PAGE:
It was the beginning of an eight-year war that the revolutionaries fought with little help from outside.  Once they had killed members of the British armed forces, there was no path back to peace and submission.  There could be no end to defensive resistance, to a rebellion that at first had no unified, all-encompassing aim.  Only after more than a year of bloodshed and ad hoc organization did the thirteen colonies unite in Declaring Independence, justifying their goal, with the aid of Thomas Jefferson’s mighty pen and mind, with the most lofty and universal terms he could devise.

During this period, George Washington transformed the initially rag-tag Revolutionary Army, using stern measures to exact loyalty and obedience, while inveigling the Continental Congress (even as revolutionaries, the colonists had a regular legislative assembly) to provide the money and measures needed to fund the Army and enhance its power to fight.

Ultimately, the colonies triumphed and went on to peacetime success not because of their military might (which arguably remained inferior to the British) but because of the political culture they embodied.  The political processes and traditions that they had always relied on enabled them to retain their cohesion after throwing off the British, and, eventually, to devise a stable new nation based on the Constitution, ratified some thirteen years after the Revolution began.

Far from being alien subjects, the colonists were scarcely distinguishable from their imperial adversaries.  Their cause produced results because they knew and wished to preserve a civil society, in which they could be secure in their enjoyment of specific personal and political rights.  The American Revolution was a narrow struggle, fought by two populations infused with the same liberal traditions and similar attitudes toward the rule of law.

Unlike the revolutions we see around us today, the American revolution was not primarily about religion, nor was it fought along tribal, sectarian, or racial lines.  It was more of a family quarrel, fought between two forces of related bloodlines.

Being creatures of empire, early Americans, once free, quickly exhibited their own imperial tendencies.  Today we are quick to preach power-sharing to nations fraught with internal strife, but on this score we lack an illustrious history.  When it came to indigenous Americans, for example, the Anglo-Americans dominant in the 19th century pursued a policy of removal and territorial appropriation that makes the Japanese-American internment camps of the 20th century look like a friendly garden party.

The Native American tribes, though possessing deep claims to the lands of the American continent, were as unwieldy and threatening in a cultural sense as any terrorist is today.   The notion that white Americans could cohabit or compromise with native peoples, or that two such dissimilar cultures could be harmonized or politically integrated, was too mind-boggling to be entertained.  Instead, the American government used military and political force to extirpate Indians and push them off desirable lands.  Americans’ idea of “power sharing” with the Indian “other” was to expel remaining tribes from the American body politic, cordoning them off  on “reservations,” where they could no longer impinge on, or participate in, the ostensibly egalitarian government that was sovereign by then.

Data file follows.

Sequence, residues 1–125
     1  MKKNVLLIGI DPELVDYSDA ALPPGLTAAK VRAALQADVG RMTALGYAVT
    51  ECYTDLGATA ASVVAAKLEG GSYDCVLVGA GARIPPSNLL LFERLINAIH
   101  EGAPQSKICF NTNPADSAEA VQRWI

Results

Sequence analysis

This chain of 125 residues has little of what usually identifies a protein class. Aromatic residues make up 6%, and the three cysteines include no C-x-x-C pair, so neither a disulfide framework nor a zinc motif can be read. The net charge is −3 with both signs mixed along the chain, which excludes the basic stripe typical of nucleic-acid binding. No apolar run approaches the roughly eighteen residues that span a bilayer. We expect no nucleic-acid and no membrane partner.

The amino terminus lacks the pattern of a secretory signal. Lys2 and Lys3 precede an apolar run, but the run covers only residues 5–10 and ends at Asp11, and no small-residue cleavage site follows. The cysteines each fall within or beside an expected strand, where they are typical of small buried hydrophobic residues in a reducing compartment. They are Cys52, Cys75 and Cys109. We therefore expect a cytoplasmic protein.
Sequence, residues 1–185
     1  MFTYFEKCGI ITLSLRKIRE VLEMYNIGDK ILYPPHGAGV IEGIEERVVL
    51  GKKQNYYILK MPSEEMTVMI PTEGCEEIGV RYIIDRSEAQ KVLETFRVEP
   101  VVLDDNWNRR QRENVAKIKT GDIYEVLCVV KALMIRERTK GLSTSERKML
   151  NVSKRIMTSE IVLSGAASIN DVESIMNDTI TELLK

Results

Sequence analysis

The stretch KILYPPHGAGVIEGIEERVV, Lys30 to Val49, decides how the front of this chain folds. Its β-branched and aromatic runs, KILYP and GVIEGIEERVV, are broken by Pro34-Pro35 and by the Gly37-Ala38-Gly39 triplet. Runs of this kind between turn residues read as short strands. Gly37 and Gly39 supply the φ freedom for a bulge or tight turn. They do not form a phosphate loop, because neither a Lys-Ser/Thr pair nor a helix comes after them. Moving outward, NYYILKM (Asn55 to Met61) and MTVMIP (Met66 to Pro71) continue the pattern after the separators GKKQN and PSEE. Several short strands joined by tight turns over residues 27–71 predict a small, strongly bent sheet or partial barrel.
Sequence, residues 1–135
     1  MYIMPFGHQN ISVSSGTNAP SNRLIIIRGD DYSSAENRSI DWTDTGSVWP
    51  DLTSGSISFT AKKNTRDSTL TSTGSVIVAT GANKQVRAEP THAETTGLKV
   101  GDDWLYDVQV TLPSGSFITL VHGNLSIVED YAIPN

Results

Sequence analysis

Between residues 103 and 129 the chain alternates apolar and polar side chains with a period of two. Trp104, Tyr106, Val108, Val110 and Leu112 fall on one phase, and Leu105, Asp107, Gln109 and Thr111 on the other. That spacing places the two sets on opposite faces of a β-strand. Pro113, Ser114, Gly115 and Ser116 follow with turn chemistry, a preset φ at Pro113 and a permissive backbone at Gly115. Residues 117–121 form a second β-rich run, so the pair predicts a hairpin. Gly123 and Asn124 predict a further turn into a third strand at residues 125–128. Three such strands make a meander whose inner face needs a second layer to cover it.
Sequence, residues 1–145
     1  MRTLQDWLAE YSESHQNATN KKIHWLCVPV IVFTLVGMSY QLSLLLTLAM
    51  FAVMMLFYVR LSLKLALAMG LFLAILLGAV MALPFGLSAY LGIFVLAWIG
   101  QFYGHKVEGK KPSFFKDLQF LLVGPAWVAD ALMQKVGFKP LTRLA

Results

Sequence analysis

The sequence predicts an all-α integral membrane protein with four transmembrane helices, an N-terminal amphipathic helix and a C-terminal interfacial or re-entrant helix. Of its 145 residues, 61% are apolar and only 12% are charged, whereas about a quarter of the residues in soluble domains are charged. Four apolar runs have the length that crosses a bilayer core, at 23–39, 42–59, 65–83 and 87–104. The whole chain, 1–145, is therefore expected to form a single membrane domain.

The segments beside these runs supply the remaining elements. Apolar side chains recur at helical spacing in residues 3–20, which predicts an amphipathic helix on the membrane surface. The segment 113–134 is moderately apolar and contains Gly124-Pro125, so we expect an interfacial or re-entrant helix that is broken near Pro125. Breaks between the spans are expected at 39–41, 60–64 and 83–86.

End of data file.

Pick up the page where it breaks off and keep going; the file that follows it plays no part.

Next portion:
Similarly, in the 1860s, white Americans had to fight a Civil War among themselves, at the cost of some 600,000 lives, to establish the principle that we should not enslave persons whose skin color is different than ours.  It took another hundred years to provide African-Americans with the legal protections necessary for the full exercise of their political rights.

Throughout our Civil War, the rest of the world sat on the sidelines, as the nation sought its direction through a protracted conflict that refined it and left it profoundly changed.  The principles of union, federal authority, and equality that were then irrevocably established laid down the foundations of the nation’s might today.

These facts about our history must be recalled as we consider intervening in revolutionary conflicts in other countries.  The paramount importance of civil culture should be borne in mind as we contemplate giving military aid or committing ourselves militarily in other ways.  We tell ourselves that stepping in will lead to a more just result, or an earlier peace, but what process of internal development or resolution are we short-circuiting?  We say that other countries should tolerate and politically empower radicalized or militant minorities, though this isn’t something we’ve ever done with ours.

Much as our hearts are moved with compassion for the suffering that accompanies violent conflicts that are unbounded and unequal, we should be humble in our response, recalling the long path we have traveled from Revolution to tolerance and inclusion—a centuries-long struggle that continues even now, long since peace returned to the Old North Bridge.